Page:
Human Is As Human Does

A couple of days ago I made a huge mistake. One of those mistakes that makes me feel like human garbage. Not the funny human garbage that sits under the dining table eating dinner ’cause they don’t deserve to eat at the table a la Homer Simpson, but the horrible human garbage who has badly hurt someone they love deeply. The unfunny kind.

This is not the first time I have successfully executed a personal cock-up of magnificent proportions. Neither is it the first time I have hurt someone I love, but I arrogantly assumed that at 35 I had made all the asinine mistakes I could possibly make in this lifetime. Isn’t that what your 20s are for?

My very patient friends – older, younger, all infinitely wiser – admonish me admirably.

“Friend,” they say, shaking their heads. “Dear, dear stupid friend whom we love despite your incessant and endearing stupidity, hear this: you are going to make mistakes for the rest of your life, just like everyone else. What measures you as a human being is not that you make mistakes, but how you deal with them when you make them.”

My friends don’t actually call me stupid. They are very loving and understanding and tell me that I’m not a bad person, that I can call them anytime to tell them how stupid I feel so they can tell me I’m not. I love them for it, but this does not make me feel better, however logical their words may be.

Making mistakes that effect other people in a hurtful, devastating way are awful. They’re awful to commit, and they’re awful to be on the receiving end of. I feel bad. I feel hollow. I feel physically sick. I can’t sleep. I can’t eat. And there’s not a damn thing I can do about it, except be sorry. I want to say I’m sorry time and again, even though I know hearing that word too much can make it lose its meaning. I want to do anything I can to make it better. But I can’t.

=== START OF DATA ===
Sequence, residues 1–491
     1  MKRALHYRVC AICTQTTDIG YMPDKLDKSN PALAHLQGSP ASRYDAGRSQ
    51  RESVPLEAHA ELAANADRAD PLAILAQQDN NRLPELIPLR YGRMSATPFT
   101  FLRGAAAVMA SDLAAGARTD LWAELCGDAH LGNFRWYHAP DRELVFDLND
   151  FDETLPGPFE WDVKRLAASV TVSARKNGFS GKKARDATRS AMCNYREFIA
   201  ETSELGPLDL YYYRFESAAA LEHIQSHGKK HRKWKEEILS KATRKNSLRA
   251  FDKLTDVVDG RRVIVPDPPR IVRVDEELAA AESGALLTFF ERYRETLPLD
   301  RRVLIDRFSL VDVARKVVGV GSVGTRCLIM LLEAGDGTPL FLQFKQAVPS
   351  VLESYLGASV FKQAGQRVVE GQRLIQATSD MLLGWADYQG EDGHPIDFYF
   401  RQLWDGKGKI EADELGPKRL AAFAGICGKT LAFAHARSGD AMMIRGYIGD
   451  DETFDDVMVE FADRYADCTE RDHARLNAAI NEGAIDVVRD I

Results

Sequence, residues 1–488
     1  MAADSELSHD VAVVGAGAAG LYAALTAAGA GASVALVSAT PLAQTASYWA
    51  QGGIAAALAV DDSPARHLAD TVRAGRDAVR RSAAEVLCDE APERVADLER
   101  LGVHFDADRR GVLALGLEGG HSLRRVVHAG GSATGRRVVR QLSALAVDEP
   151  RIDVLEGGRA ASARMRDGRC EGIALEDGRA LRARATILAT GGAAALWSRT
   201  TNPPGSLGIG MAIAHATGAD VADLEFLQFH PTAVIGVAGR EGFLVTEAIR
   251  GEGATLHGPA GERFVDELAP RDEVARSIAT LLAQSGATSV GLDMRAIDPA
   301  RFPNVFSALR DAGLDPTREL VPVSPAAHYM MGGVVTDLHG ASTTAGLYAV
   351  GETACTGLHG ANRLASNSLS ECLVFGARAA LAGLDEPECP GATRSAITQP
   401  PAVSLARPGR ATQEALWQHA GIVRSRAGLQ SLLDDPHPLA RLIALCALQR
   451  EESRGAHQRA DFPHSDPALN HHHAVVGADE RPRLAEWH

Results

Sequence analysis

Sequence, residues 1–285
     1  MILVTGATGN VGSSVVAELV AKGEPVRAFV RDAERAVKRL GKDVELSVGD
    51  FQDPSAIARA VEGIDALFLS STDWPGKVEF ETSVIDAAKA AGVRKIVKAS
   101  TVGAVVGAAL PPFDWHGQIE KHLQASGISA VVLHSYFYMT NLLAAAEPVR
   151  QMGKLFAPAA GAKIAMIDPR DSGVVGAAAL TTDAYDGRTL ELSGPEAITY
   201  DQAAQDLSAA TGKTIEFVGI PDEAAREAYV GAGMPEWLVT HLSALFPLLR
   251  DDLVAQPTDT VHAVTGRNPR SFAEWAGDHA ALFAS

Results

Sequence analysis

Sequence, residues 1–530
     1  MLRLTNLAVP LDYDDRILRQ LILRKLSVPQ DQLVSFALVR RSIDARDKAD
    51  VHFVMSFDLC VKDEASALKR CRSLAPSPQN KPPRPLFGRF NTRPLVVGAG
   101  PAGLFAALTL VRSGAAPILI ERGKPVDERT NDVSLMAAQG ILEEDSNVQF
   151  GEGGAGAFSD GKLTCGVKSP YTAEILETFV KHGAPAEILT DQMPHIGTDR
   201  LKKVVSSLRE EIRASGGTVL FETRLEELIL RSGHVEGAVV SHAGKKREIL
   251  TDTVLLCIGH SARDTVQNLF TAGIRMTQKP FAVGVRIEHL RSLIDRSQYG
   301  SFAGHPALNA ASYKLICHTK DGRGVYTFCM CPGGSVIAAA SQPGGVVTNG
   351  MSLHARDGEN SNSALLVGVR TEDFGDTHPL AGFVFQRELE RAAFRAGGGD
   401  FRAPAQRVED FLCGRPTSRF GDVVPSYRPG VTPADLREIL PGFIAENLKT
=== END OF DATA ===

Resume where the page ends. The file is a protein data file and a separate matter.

And so I’m dealing with it. I want no sympathy and I expect none. I sit here in my living room with a cup of tea and a cat and maybe an episode or six of Buffy, not feeling the warmth of any of these things, feeling instead the contemplation of my mistake. I cry. A lot. I cry for my loved one’s pain and what I did to cause it. I cry as I uselessly wish to undo it. I cry for the wrongness of it and for my disappointment in myself.

And I wait for the person I’ve hurt to be ready to talk to me. And yell at me and be angry with me and blame me and punish me so I’ll feel validated for hating myself, and then maybe we’ll both even eventually forgive me.

But that’s a long way off, so for now I can only wait for the feeling of epic shitness to settle, knowing that it will never really go away completely because, as with all monumental fuck-ups, this one will pop up in years to come to remind me of my own human iniquities and imperfections.

By then I think I’ll be grown up enough to accept them.


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